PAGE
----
Education System Essays and Research Papers

Instructions for Education System College Essay Examples

Title: education system

  • Total Pages: 4
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Essay Instructions: -Read Dr. Martha Piper??s speech delivered to the Vancouver Board of Trade
-Write an essay detailing your reasons for either agreeing or disagreeing with her assertions, based on your personal experiences and expectations of a university education system.
??I would like to begin by thanking the Vancouver Board of Trade for inviting me to speak to you again today. Having been here just a year ago, I am pleased to have been invited back. It is always a privilege to address the Board, and I would like to acknowledge and thank Farris for their sponsorship of this event.
Although almost a month has elapsed since the closing ceremonies of the 2004 Olympics in Athens, we still feel disappointed when we consider the Canadian performance at this most celebrated of world athletics events. The more so, perhaps, when we contemplate the role we must play on the world stage, right here in Vancouver in 2010. Only a year ago Canada was profiled as a moose in sunglasses on the cover of the Economist. We were described as a country that was ??cool??. But, as the Globe and Mail so aptly stated, ??At the Athens Olympics, Canada has gone cold.?? What then does all of this mean? And what does this have to do with universities in 2010?
Analysts throughout the country have done their best to interpret the Canadian Olympic record. But in the end, let no excuses be heard. As the Globe noted: ??Medals do matter. Not in the fevered way they once mattered to the old East Bloc countries, desperate for legitimacy. And not because, having suddenly arrived as the moose in sunglasses, this country is anxious to stay in the spotlight a while. It matters because Canada should aspire to excellence, not only in athletics but also in the arts, medicine, science and education.??
It is that clarion call for ??excellence???Xexcellence in the arts, medicine, science, and education as well as in athletics?Xthat I would like to speak about today. I want to go beyond making what you might think a predictable pitch for higher education. I want to address a particular kind of education?Xan education that defines excellence in all that we do?Xan education that prepares our students to be true Olympians ?Xan education that creates outstanding citizens for ??Canada??s place in the world.??
As a guide in this discussion, I??d like to enlist the Right Honourable Lester B. Pearson. Few people contributed more to defining Canada in the 20th century than Lester Pearson, Nobel Peace Prize Winner ?V a man whose efforts helped to promote Canada??s worldwide reputation for integrity and moral leadership.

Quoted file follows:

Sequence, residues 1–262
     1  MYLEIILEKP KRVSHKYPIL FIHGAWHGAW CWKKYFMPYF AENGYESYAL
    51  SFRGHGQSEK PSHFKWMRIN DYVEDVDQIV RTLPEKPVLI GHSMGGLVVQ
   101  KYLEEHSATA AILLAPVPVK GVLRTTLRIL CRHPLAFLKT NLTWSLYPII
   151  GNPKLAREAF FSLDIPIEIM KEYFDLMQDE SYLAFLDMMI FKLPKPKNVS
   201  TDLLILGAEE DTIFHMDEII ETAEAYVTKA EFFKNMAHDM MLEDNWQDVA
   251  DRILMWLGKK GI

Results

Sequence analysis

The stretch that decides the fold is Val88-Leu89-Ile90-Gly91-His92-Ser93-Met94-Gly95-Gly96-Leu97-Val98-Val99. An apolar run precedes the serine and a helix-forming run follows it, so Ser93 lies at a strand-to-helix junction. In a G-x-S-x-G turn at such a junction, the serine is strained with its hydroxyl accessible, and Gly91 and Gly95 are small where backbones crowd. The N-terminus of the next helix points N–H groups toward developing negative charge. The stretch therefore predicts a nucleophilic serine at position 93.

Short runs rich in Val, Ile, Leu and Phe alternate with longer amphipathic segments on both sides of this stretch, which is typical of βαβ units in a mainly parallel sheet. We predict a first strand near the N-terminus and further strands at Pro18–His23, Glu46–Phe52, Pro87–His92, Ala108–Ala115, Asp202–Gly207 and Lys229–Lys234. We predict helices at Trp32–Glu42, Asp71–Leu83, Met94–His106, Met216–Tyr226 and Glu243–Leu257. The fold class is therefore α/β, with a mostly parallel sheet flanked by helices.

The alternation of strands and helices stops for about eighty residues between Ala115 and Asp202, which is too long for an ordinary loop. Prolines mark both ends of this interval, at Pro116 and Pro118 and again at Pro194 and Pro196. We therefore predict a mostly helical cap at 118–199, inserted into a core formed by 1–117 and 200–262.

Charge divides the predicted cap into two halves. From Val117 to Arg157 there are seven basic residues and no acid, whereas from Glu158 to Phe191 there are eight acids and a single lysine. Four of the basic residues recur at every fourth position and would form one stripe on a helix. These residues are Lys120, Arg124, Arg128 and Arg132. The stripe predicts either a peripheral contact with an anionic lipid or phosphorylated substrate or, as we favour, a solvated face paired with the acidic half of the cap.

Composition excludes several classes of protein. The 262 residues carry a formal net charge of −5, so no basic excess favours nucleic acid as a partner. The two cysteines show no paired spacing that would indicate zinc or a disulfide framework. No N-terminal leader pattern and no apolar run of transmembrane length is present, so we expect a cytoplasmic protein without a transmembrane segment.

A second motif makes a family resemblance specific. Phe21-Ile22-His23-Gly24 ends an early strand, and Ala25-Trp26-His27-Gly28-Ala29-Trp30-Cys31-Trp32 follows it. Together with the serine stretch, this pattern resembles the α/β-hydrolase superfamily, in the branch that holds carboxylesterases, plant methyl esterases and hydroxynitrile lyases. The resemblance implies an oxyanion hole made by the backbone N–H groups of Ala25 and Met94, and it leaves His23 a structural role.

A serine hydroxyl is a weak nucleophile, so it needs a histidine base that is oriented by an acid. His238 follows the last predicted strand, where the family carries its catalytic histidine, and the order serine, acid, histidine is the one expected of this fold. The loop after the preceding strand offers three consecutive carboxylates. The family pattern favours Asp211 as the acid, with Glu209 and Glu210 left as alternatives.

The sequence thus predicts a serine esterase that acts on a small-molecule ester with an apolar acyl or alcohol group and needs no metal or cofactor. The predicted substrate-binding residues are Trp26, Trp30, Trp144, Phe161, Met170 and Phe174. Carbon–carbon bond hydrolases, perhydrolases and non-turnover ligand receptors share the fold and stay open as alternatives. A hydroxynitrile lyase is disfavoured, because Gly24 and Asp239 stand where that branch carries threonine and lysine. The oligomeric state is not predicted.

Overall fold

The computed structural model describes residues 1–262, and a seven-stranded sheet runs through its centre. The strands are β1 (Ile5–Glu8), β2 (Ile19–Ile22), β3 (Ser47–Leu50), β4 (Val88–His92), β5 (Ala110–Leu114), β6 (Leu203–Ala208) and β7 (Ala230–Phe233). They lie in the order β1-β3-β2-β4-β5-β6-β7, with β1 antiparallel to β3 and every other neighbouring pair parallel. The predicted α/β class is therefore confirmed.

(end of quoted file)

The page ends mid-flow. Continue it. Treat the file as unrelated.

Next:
But more than a great statesman, Lester Pearson showed himself to be a man of prescient vision, a man who understood, long before the rest of us, how small the world had already become. In 1946?X58 years ago?XLester Pearson said this:
??Fear and suspicion engendered in Iran can easily spread to Great Bear Lake above the Arctic Circle in Canada and bedevil economic developments there. There is, now, no refuge in remoteness.??
No refuge then; certainly no refuge today; and most definitely no refuge in 2010.
Over the past several years, the foundation of what we believe constitutes a civil society has been shaken?Xproviding us with evidence that we indeed are not able to find refuge in our remoteness. The age of mega-terror that began three years ago on September 11, 2001 with an attack on the World Trade Centre, has moved on to Middle School No. 1 in Beslan, Russia. The murder of innocent children, coupled with events such as the spread of the SARS virus, and the Iraq War, all have underlined the fact that we are not isolated from world events that occur in far-off regions of the globe?Xthat our remoteness as a northern nation can neither protect nor isolate us from political or environmental threats that are geographically distant.
For the inescapable truth is that we all feel vulnerable, wherever we reside, to the kind of fear that is generated by the globalization of terror and the interconnectedness of our economies. What is clear is that the world has been contaminated by conflicts that arise from misunderstanding and mistrust, and is threatened by widespread and deepening political, social and economic disparities.
So what do we do? In the short term, whether it is by fighting a ??War on Terrorism,?? trying to secure our borders, or providing subsidies to protect our ??national interests,?? the powers that be have attempted to either cut out an infected part, or build barriers to protect us from the rest of the world.